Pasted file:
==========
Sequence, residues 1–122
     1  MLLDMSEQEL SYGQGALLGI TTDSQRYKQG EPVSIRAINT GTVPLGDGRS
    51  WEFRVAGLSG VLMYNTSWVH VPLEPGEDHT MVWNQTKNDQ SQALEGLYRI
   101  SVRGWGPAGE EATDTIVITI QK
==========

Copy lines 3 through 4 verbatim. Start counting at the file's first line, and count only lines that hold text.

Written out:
    51  WEFRVAGLSG VLMYNTSWVH VPLEPGEDHT MVWNQTKNDQ SQALEGLYRI
   101  SVRGWGPAGE EATDTIVITI QK